How To Fix Dryer With No Heat | Dryer Repair

How To Fix A Dryer That's Not Producing Heat

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Heating Element

In electric dryers, heat is generated by the heating element. The element is a coil of heating wire enclosed in a metal chamber. Electric current flowing through the coil creates heat and the air being pulled through the chamber absorbs this heat. If the element is defective then it will not heat. It can be tested with a multi-meter for continuity. Unplug the dryer and remove the front or rear panel to locate the element so it can be tested.

High Limit Thermostat

The high limit thermostat is a safety device mounted on the heating chamber and is designed to prevent the dryer from overheating when the exhaust vent is restricted. A restricted vent will cause the high limit thermostat to trip or activate, interrupting the circuit to the heating element or gas valve. The high limit thermostat is not designed to activate repeatedly like a cycling thermostat and will eventually fail causing a no heat symptom. Disconnect the power to the dryer and check the thermostat for continuity with a multi-meter. If there is no continuity then it will need to be replaced and the restricted vent system corrected as well.

Cycling Thermostat

Cycling thermostats control the temperature inside the dryer drum. They are designed to “cycle” the heating element on and off to maintain the correct amount of heat. Cycling thermostats are normally located on the blower housing or elsewhere in the internal airflow ducting. Over time, the cycling thermostat can become defective. Disconnect the power to the dryer and check the thermostat for continuity with a multi-meter.


Newer gas dryers have an igniter or glow bar, which ignites the gas released by the gas valve. When the dryer is calling for heat, the igniter will begin to glow as it heats up. When maximum temperature is reached, the gas valve will open and the gas will be ignited. The igniter is located inside the dryer next to the gas valve burner tube. Depending on the model of gas dryer, the igniter may be coil shaped or flat. They are very fragile and should be handled very carefully. A multi-meter can be used to check for continuity. Disconnect the dryer’s power source before you test the igniter.

Radiant Flame Sensor

The radiant sensor or flame sensor is designed to sense heat from either the igniter or the burner flame in gas dryers. It is part of a gas dryer’s burner assembly and is located next to the igniter. The sensor detects heat from the igniter to open the gas valve, also detects heat from the burner flame to keep the valve open. If the sensor is defective, either the igniter won’t glow or the gas valve won’t open. If the igniter does not glow, then you should check the radiant sensor for continuity with a multi-meter. This test should only be done after the power has been disconnected.. If the igniter glows continuously and the gas valve does not open to light a flame, then the electrical contacts inside the sensor may be stuck closed and the sensor will need to be replaced.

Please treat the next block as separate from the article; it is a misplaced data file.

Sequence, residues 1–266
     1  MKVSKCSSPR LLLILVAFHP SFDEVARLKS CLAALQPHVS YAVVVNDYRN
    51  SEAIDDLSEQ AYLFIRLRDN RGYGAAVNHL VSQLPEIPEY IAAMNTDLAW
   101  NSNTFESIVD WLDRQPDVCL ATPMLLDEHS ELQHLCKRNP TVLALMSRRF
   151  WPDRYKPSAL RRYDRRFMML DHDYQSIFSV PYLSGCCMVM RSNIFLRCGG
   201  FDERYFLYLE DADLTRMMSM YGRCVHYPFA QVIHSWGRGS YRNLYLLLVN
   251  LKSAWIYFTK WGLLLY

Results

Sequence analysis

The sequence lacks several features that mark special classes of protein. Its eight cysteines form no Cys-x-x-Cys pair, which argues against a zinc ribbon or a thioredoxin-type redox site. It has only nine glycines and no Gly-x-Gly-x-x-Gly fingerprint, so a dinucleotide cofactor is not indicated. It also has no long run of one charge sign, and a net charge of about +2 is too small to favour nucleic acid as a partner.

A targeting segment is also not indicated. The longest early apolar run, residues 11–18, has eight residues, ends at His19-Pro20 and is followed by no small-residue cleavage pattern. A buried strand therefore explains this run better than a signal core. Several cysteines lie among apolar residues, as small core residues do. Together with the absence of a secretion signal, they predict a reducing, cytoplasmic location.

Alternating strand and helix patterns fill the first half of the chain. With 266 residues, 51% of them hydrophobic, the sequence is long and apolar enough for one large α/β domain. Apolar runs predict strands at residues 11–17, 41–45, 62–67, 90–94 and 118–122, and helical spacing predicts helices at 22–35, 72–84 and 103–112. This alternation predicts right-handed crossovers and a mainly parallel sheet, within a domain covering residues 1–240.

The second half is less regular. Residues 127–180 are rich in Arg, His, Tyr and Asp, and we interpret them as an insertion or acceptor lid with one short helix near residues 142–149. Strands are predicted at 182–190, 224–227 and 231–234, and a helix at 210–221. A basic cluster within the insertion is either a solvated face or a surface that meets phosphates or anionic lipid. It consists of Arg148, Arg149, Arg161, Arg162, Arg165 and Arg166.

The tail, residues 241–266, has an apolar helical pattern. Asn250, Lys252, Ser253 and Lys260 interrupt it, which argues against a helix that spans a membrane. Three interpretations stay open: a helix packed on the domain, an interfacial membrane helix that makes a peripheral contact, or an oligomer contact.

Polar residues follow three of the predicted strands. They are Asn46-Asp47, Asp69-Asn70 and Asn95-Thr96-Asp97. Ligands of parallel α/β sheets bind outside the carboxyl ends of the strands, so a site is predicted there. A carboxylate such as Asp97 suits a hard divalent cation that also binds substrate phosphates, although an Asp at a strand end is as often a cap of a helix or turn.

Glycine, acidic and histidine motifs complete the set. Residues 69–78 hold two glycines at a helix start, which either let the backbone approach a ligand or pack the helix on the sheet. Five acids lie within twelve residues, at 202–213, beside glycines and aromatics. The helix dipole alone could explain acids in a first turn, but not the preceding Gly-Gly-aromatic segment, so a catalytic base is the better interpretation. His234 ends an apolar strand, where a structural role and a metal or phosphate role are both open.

Gas Control Valve

In gas dryers, an integral part of the gas burner system, is the gas valve. The flame sensor and igniter circuit provides power to the gas valve. When this circuit is complete, the coils will be energized and the valve will open releasing gas into the burner where it ignites. A symptom of a defective valve is an igniter that glows but then shuts off without a flame being produced. The valve may also function correctly at the beginning of the drying cycle but can fail later into the drying cycle resulting in not enough heat being produced to dry clothing properly.


Modern gas dryers have electric coils that operate the gas valve. They are located on top of the gas valve and are controlled by the heat circuit. If one or more of the coils are not working then the gas valve won’t open and you will have a no heat symptom. The coils may function normally at the beginning of a cycle but may fail later on as they heat up internally. The coils can be checked for continuity with a multi-meter. Disconnect the dryer’s power source before you test the coils.

Temperature Sensor

Temperature sensors are devices that change resistance depending on the temperature. The internal temperature of gas and electric dryers is managed by cycling thermostats on most dryers and by temperature sensors on some electronic controlled dryers. Depending on the dryer it may use multiple sensors to regulate the temperature. You can use a multi-meter to check the resistance of the temperature sensor. You will need to know what that resistance is at room temperature to verify if it is defective. This test should only be done when the power has been disconnected.


Located in the control console of the dryer the timer consists of a small motor connected to a series of gears that rotate cams, which turn electric contacts off and on inside the timer. The timer contacts control the dryer motor as well as the heat circuit. A defect in the timer’s electrical contacts can cause the dryer to stop producing heat and the timer will need to be replaced. The contacts can be checked for continuity with a multi-meter. Unplug the dryer before conducting this test.

Thermal Fuse

The thermal fuse is designed to prevent the dryer from overheating. Once a dryer's thermal fuse has blown, it is no longer of any use. If your dryer's fuse is blown, you will have to replace it. Open up your dryer's cabinet and locate its thermal fuse so that you can test it.

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